Hollywood was originally dubbed Hollywoodland, by a real estate mogul's wife who just "liked the sound of it." Later the "land" was dropped, a sign was built and the moniker "Tinseltown" emerged as movie industry took over the neighborhood in early part of the twentieth century. It's really the kind of place I would hate if I wasn't a sketcher. As a sketcher, it's a bonanza.
Last year around this time I sketched the TCL Chinese Theater in Hollywood. It left me hungry to go back, so I was delighted when the Los Angeles Urban Sketchers chose Hollywood and Highland Complex as the location for the 24-hour global sketch crawl.
My first stop was Babylon Courtyard with it's majestic elephants, and hieroglyphic wall amid an outdoor shopping mall. These elephants are so awesome I drew them several times. They were first used on the set of the film Intolerance in 1916.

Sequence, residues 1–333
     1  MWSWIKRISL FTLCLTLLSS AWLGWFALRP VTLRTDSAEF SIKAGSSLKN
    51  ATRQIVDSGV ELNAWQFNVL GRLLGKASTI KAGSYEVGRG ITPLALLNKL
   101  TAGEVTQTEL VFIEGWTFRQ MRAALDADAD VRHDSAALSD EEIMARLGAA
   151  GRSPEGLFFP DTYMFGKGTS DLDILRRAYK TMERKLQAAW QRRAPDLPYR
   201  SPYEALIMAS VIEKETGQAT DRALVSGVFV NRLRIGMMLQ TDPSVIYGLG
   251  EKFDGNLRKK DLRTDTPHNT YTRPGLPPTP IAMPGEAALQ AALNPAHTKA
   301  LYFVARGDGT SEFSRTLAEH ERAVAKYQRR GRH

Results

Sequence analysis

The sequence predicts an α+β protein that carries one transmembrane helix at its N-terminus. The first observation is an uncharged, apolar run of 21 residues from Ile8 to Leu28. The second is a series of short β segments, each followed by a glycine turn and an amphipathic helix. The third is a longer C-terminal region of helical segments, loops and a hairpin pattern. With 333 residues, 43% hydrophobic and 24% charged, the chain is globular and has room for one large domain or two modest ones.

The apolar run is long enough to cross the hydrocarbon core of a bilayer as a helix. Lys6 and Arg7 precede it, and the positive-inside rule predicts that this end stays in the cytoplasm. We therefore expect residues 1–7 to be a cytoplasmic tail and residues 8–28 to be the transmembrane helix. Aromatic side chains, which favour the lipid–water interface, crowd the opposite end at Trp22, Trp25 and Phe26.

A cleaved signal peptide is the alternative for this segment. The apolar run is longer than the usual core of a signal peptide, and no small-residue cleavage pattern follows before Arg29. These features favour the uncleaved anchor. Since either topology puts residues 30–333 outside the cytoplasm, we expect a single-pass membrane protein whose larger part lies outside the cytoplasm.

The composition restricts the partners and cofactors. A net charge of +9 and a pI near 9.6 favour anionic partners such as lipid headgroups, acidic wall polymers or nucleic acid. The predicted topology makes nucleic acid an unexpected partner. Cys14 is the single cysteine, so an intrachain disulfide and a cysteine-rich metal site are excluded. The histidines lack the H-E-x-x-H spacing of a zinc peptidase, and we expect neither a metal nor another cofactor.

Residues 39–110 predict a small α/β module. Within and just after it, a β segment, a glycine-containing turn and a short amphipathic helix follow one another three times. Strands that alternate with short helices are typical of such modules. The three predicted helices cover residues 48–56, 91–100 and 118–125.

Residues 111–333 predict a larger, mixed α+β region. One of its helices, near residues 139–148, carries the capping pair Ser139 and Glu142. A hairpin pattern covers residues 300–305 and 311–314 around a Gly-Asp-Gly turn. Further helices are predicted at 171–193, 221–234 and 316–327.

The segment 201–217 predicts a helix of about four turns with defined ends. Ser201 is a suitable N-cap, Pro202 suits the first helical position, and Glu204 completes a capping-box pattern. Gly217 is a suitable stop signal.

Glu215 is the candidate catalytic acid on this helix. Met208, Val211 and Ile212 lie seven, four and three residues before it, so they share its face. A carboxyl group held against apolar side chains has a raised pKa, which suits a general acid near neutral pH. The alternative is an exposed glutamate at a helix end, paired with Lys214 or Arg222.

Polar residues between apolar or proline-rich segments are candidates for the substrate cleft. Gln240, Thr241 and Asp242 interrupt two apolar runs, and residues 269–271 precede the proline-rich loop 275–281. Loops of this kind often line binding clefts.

Wandering out to the street I found a mass of tourists, surging on the Avenue of the Stars amidst street sellers, performers and costumed characters.
I saw signs of the movie industry everywhere I looked- theaters surrounded me, human-sized Oscar mannequins offered photo ops; glitz and glamour flashed incessantly.
I quickly sketched another landmark, the Roosevelt Hotel, the oldest continually operating hotel in Los Angeles. In its heyday it was the favorite for many celebrities. Marilyn Monroe had a poolside room. Some have reported seeing her ghost in the mirror of that room. The Roosevelt has also appeared in many movies -- Wall Street and Maid in Manhattan being two. New York? LA? Whatever.
I had started a sketch of the street but didn't finish it on the spot, so when I had another opportunity, I returned to Hollywood. This time at night. Again the elephants were a strong pull first in black and white then watercolor.
And so were the gawkers.
And the showmen.